|Publication number||US2418608 A|
|Publication date||Apr 8, 1947|
|Filing date||Jun 3, 1940|
|Priority date||May 22, 1939|
|Publication number||US 2418608 A, US 2418608A, US-A-2418608, US2418608 A, US2418608A|
|Inventors||Tanner Robert R, Thompson John S|
|Original Assignee||Parker Rust Proof Co|
|Export Citation||BiBTeX, EndNote, RefMan|
|Patent Citations (5), Referenced by (30), Classifications (7)|
|External Links: USPTO, USPTO Assignment, Espacenet|
Patented Apr. 8, 1947 UNITED STATES- PATENT OFFICE CORROSION-RESISTANT METALLIC ARTI- CLE AND IVIETHOD OF MAKING THE SAME John S. Thompson and BobertR. Tamer, De-
troit, Mlch., assignors to Parker Rust Proof Company, Detroit, Mich. 1
No Drawing. Application June 3, 1940, Serial No. 338,582. In Canada May 22, 1939 2 Claims. 1
.paring metals for paint, to treat the metal with solutions of phosphates or oxalates by means of which phosphate or oxalate coatings are produced. These coatings result from an attack on the metal by the solution with the simultaneous formation of the coating as an integral part of the underlying metal. It is also common practice to employ solutions which result in the formation of oxides oi the metal treated. With these and similar processes, it is customary, after a coating of the desired nature is formed, to remove'the coated article from the solution, rinse, and dry it. Then, if desired, a paint finish can be applied at any convenient time.
The invention has as the object the treatment of metal surfaces for the prevention of corrosion and to provide a paint base for applying a film of corrosion-retarding chemicals and drying it on the metal surface. One specific object is to include a metal having a valence of two or more in a hexavalent chromium solution and thereby increase the corrosion-resistance of a coatin formed by drying a film of such a solution. Another specific object is to so select the chemicals employed that advantage may be taken of the corrosion-inhibiting quality of hexavalent chro mium compounds without excessive detrimental efiect from the usual hygroscopic nature of chromic acid. Another specific object is to increase the wetting ability of the solutions employed, thereby decreasing the necessity for a wetting agent.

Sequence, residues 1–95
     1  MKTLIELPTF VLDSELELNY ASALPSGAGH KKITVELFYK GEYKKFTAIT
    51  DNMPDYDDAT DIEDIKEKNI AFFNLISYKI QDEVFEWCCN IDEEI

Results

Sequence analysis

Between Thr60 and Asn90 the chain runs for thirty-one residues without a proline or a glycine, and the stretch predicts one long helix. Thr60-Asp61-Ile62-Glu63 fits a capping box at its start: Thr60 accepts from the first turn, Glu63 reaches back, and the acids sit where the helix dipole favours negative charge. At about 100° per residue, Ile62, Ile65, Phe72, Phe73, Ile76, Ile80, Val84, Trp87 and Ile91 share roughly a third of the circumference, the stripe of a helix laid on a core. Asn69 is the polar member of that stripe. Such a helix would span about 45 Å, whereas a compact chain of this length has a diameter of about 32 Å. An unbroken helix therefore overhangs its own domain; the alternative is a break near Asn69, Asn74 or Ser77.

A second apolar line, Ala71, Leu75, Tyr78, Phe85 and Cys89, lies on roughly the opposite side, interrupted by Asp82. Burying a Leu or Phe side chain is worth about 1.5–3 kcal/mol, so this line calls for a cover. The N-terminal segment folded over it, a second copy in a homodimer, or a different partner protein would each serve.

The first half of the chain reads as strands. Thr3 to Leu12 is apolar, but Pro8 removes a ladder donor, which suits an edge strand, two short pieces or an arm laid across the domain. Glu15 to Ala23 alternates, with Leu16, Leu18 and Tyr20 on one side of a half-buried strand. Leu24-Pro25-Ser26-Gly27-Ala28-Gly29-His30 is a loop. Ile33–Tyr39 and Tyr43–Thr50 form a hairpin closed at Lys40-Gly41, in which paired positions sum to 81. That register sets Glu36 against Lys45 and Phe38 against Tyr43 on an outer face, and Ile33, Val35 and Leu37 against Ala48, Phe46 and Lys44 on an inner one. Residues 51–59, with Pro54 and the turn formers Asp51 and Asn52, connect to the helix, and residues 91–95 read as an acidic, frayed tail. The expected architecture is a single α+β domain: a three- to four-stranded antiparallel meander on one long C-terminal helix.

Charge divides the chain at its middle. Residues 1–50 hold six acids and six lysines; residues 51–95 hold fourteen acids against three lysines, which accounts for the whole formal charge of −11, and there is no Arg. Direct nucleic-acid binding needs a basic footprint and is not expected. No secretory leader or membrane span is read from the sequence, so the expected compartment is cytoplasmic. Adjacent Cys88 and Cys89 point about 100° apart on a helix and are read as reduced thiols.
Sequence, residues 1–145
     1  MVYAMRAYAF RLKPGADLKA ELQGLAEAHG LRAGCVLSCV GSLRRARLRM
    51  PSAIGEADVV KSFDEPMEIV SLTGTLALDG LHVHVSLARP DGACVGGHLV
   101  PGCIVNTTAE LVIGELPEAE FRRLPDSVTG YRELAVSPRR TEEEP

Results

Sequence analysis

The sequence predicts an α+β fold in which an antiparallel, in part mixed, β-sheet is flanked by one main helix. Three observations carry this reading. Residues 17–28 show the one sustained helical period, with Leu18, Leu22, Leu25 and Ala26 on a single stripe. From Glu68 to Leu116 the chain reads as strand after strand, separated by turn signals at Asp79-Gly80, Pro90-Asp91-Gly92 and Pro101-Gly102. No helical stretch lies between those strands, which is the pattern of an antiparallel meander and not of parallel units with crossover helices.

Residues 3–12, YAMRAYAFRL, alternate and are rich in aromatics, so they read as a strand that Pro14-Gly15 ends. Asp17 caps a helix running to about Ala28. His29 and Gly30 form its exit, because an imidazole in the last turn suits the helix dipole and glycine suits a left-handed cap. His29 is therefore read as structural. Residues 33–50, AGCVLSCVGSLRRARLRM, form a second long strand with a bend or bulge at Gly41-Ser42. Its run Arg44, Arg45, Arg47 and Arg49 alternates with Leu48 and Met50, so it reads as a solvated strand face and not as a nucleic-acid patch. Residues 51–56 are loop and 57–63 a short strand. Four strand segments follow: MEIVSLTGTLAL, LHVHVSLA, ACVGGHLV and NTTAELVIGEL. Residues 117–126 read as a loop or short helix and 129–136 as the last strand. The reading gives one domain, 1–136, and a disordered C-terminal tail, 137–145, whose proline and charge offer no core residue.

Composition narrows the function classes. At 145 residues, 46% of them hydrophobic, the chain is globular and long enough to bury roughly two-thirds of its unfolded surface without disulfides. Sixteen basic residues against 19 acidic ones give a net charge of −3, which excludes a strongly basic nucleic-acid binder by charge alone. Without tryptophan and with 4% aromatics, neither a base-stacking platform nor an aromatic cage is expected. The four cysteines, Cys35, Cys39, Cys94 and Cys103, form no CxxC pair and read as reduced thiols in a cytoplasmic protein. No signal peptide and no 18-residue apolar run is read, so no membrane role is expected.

These objects are accomplished by employing 40 a solution containing, in addition to a soluble phosphorous compound and a hexavalent chromiuin compound, a metal having a'valence of two or more. When the metal ls'introduced in the metallic form or is in a compound that will reduce some of the hexavalent chromium, the proportions must be such that hexavalent chromium will remain in the solution when it is used to coat the metal. It is usually more convenient to introduce the metal into the solution in the form of a soluble salt.
The solutions hereinafter described are effective on all industrial metals including iron, steel, zinc, cadmium, magnesium, tin, lead, nickel,
ment of ferrous surfaces, zinc, cadmium and nickel being especially important.
The effect of the presence in the solutions, of metals having a valence of two or more, is not entirely understood so far as the increase in corrosion-resistance is concerned. However, the fact that their presence provides a solution of 'a less hygroscopic nature than when, for example, only phosphoric and chromic acid is used, is more 10 easily explained. Chromic acid is well known for its tendency to absorb moisture. When metallic ions and ions of hexavalent chromium are introduced into a solution, an equilibrium is reached resulting usually in some dichromate of the metal.
15 Upon drying, the metal dichromate will not show the hygroscopic nature characteristic of chromic acid. When a metal having a valence of two or more is employed in the solution in the manner described, not only will the film on the surface of 20 the metal, resulting from application of the solution be less hygroscopic, but its corrosion-resistance is increased.
While the metals may be added in various other ways, it is preferable with most metals to intro- 25 duce themas phosphates or dichromates since this maintains the solution in its simplest form and no extra operations are necessary in the manufacture of the material.